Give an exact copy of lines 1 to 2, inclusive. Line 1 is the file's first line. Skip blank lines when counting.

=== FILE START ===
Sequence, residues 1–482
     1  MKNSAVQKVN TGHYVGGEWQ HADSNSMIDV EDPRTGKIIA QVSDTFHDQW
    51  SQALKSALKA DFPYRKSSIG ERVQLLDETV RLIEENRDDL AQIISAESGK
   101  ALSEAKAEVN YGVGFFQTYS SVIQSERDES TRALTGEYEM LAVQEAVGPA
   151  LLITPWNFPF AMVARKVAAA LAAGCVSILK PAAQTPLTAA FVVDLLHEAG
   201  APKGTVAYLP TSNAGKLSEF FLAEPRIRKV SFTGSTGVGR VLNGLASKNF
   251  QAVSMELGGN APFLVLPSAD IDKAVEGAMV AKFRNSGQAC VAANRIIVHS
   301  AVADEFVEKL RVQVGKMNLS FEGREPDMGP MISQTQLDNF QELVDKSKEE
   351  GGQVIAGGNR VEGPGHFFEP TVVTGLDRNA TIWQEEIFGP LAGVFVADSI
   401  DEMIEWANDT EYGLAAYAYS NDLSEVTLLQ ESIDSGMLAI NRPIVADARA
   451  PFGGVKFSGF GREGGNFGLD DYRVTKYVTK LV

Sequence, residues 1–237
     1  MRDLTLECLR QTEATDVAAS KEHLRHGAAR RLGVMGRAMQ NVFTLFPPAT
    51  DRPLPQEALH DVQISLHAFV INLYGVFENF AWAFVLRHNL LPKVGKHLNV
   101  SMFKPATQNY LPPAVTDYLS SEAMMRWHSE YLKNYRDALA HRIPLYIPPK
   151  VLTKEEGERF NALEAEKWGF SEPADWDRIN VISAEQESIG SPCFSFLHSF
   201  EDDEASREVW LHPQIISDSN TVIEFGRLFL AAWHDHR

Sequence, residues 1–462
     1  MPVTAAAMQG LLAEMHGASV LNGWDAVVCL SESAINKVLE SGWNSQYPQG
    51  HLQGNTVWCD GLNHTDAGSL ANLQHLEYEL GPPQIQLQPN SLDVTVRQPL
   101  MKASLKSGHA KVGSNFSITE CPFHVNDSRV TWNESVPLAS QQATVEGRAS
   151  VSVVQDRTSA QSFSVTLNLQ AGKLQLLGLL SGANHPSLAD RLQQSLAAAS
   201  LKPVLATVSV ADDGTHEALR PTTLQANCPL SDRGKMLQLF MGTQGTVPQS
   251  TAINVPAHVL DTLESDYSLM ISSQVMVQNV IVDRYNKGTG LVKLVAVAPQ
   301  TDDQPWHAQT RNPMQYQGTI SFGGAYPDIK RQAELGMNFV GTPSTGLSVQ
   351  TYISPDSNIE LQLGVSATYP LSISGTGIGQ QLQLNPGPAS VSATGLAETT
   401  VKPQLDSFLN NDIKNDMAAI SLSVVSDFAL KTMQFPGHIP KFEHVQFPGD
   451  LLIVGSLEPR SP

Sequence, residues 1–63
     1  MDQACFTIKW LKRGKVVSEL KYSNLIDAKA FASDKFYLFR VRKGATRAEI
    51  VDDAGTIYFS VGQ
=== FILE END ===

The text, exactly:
Sequence, residues 1–482
     1  MKNSAVQKVN TGHYVGGEWQ HADSNSMIDV EDPRTGKIIA QVSDTFHDQW